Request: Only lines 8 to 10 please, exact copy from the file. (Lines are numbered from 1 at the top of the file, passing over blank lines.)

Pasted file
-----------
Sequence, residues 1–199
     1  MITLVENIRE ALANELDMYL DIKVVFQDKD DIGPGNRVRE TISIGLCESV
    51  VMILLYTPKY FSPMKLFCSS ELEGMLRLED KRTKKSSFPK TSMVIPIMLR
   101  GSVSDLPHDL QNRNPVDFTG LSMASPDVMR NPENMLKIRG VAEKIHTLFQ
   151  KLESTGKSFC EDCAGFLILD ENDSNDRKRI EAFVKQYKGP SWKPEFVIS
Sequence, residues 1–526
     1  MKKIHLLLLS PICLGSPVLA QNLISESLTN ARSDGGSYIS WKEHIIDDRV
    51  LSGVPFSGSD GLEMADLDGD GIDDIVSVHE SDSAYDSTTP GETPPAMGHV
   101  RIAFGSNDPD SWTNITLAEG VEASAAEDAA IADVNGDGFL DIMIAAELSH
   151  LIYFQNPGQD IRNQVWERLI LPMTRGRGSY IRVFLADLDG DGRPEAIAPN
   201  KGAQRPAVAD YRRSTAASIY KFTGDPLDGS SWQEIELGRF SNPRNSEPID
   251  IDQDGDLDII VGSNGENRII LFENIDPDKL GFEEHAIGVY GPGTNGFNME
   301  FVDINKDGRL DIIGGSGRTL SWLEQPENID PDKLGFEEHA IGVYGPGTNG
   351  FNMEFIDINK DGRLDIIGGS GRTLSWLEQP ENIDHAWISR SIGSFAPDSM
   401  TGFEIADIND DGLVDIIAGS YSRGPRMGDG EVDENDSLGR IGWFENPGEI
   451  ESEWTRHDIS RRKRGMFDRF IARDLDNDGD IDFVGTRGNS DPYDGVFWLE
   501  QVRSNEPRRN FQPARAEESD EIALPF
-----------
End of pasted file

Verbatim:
    51  LSGVPFSGSD GLEMADLDGD GIDDIVSVHE SDSAYDSTTP GETPPAMGHV
   101  RIAFGSNDPD SWTNITLAEG VEASAAEDAA IADVNGDGFL DIMIAAELSH
   151  LIYFQNPGQD IRNQVWERLI LPMTRGRGSY IRVFLADLDG DGRPEAIAPN